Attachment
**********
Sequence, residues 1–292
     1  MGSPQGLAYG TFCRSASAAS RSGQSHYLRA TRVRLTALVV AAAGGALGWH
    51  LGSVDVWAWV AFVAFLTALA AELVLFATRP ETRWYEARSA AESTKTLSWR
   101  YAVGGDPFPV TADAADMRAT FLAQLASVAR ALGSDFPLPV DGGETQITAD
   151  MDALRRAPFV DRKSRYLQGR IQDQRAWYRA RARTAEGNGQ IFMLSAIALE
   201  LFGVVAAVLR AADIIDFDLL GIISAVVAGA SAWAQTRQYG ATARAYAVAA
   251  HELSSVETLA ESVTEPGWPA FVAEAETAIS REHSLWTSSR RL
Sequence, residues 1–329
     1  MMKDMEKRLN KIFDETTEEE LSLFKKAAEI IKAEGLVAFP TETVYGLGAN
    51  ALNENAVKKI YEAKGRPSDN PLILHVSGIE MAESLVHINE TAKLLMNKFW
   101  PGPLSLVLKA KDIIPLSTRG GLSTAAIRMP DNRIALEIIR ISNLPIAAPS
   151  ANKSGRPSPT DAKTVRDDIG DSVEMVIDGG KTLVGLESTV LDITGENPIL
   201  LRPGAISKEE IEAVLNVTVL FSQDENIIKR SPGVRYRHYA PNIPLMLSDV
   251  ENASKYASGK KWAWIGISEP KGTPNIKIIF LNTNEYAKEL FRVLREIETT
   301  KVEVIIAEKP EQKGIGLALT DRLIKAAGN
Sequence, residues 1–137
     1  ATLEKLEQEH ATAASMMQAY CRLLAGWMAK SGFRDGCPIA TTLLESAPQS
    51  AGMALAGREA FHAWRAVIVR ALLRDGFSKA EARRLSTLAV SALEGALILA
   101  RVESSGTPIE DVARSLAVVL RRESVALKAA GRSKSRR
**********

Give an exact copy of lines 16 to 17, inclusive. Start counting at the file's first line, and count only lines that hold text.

Sequence, residues 1–137
     1  ATLEKLEQEH ATAASMMQAY CRLLAGWMAK SGFRDGCPIA TTLLESAPQS